In the 20th century, the number of Black Sea Harbour Porpoises was dramatically reduced by massive direct killing for the cetacean-processing industry that continued until 1983 (e.g. Smith 1982, IWC 2004). The numbers of animals taken were not recorded accurately; much of the catch data was recorded as numbers of animals undifferentiated to species (all three Black Sea small cetacean species were targeted) and by wet weight aggregates (e.g. pounds or tons of dolphin/porpoise landed). However, it can be inferred that the population size of P. p. relicta was reduced due to the direct kills (totalling some hundreds of thousands) by the time the total ban on dolphin hunting was enforced in the Black Sea region (see section “Threats”). It is strongly suspected that during the subsequent period from 1983-2006, not only did the population not recover but it declined markedly, primarily due to large-scale mortality in bottom-set gillnets (Birkun 2002a). In addition, there are other ongoing threats including human-induced habitat degradation (see “Threats” below). These threats are poorly managed in most Black Sea countries and therefore further decline of the population seems likely. It is also important to consider the effect on population trends of the mass-mortality events mentioned elsewhere in this assessment (gas platform explosion in 1982, die-off from ice conditions in 1993 and the two events in 1989 and 1990 possibly related to parasitic and bacterial infections).
Until 1983, unregulated hunting was the primary threat (IWC 1992, 2004). Very large numbers of harbour porpoises, as well as other cetaceans, were taken during the 20th century by all Black Sea countries for a variety of industrial uses (Kleinenberg 1956, Tomilin 1957). Although the total number killed is unknown, it may have been as many as four or five million for all species combined (e.g. see review in Smith 1982). It is widely accepted that all Black Sea cetacean populations, including Harbour Porpoises, were badly reduced by the directed fishery (IWC 1983, 1992, 2004). Catches of Harbour Porpoises were numerically fewer than those of Common Dolphins until 1964 when Harbour Porpoises became predominant (Danilevsky and Tyutyunnikov 1968, Smith 1982). Berkes (1977) reported that in Turkey, approximately 4,400 tons (4,400,000 kg) of cetaceans (all three species combined) were processed annually from 1971-73. He assumed an average weight per carcass of 50 kg (unspecified to species). Importantly, Berkes noted that shooting (the predominant method of dolphin killing in Turkey) could result in about half of the killed animals being lost due to sinking. If, following Berkes, one supposes that in the early 1970s the annual total of removals by the Turkish fishery amounted to 8,800,000 kg (including both processed and lost carcasses), or up to 176,000 animals of which 50% were Harbour Porpoises, this would imply at least 88,000 killed per year (of which 44,000 were landed). These very crude calculations suggest that Turkish catches of Harbour Porpoises in the early 1970s were at least as high as, and possibly much higher than, those estimated for 1976-1981 (34,000-44,000 per year according to IWC, 1983, assuming that harbour porpoises accounted for 80% of the total). At least since 1991, there has been no evidence of illegal directed takes although such takes had been reported before that time (IWC 1992).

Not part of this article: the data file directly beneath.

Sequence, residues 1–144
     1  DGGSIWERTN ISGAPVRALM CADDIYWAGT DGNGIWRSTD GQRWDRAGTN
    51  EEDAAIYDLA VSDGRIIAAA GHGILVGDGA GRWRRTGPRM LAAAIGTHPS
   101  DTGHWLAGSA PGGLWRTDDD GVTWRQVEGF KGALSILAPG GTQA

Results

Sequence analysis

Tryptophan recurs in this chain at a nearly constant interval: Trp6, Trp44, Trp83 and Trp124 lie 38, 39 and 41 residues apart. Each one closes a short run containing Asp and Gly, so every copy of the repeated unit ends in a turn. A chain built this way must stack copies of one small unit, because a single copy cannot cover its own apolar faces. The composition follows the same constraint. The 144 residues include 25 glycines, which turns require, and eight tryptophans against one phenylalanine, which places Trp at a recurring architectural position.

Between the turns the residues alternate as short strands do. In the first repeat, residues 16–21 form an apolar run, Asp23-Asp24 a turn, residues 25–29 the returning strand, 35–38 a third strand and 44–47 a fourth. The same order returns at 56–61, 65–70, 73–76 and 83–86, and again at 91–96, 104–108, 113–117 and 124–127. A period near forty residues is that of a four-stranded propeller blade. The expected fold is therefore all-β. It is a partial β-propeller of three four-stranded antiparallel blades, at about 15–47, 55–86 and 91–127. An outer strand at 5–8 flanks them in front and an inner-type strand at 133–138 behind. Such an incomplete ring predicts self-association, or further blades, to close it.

At present, incidental mortality in fishing nets is the most serious threat (e.g., Birkun 2002a). Although all three Black Sea cetacean species are 'bycaught', the majority (95%) of recorded cetacean entanglements are of porpoises. Unfortunately, absolute numbers of removals cannot be estimated from the available data. However, there are indications that the annual level of Harbour Porpoise bycatch may be in the thousands. Almost all (99%) of the porpoises are caught in bottom-set gillnets for Turbot (Psetta maeotica), Spiny Dogfish (Squalus acanthias) and sturgeon (Acipenser spp.). The peak occurs from April–June during the Turbot season in the Azov Sea and Kerch Strait and throughout the shelf area of the Black Sea, including territorial waters of all six riparian countries. Almost all (99.9%) recorded bycatches are lethal (BLASDOL 1999). Illegal, unreported or unregulated fishing is widespread in the Black and Azov Seas and a significant proportion of the bycatch may occur in such operations.
An explosion at a gas-drilling platform in the Azov Sea in August 1982 resulted in the deaths of over 2,000 porpoises (Birkun 2002b).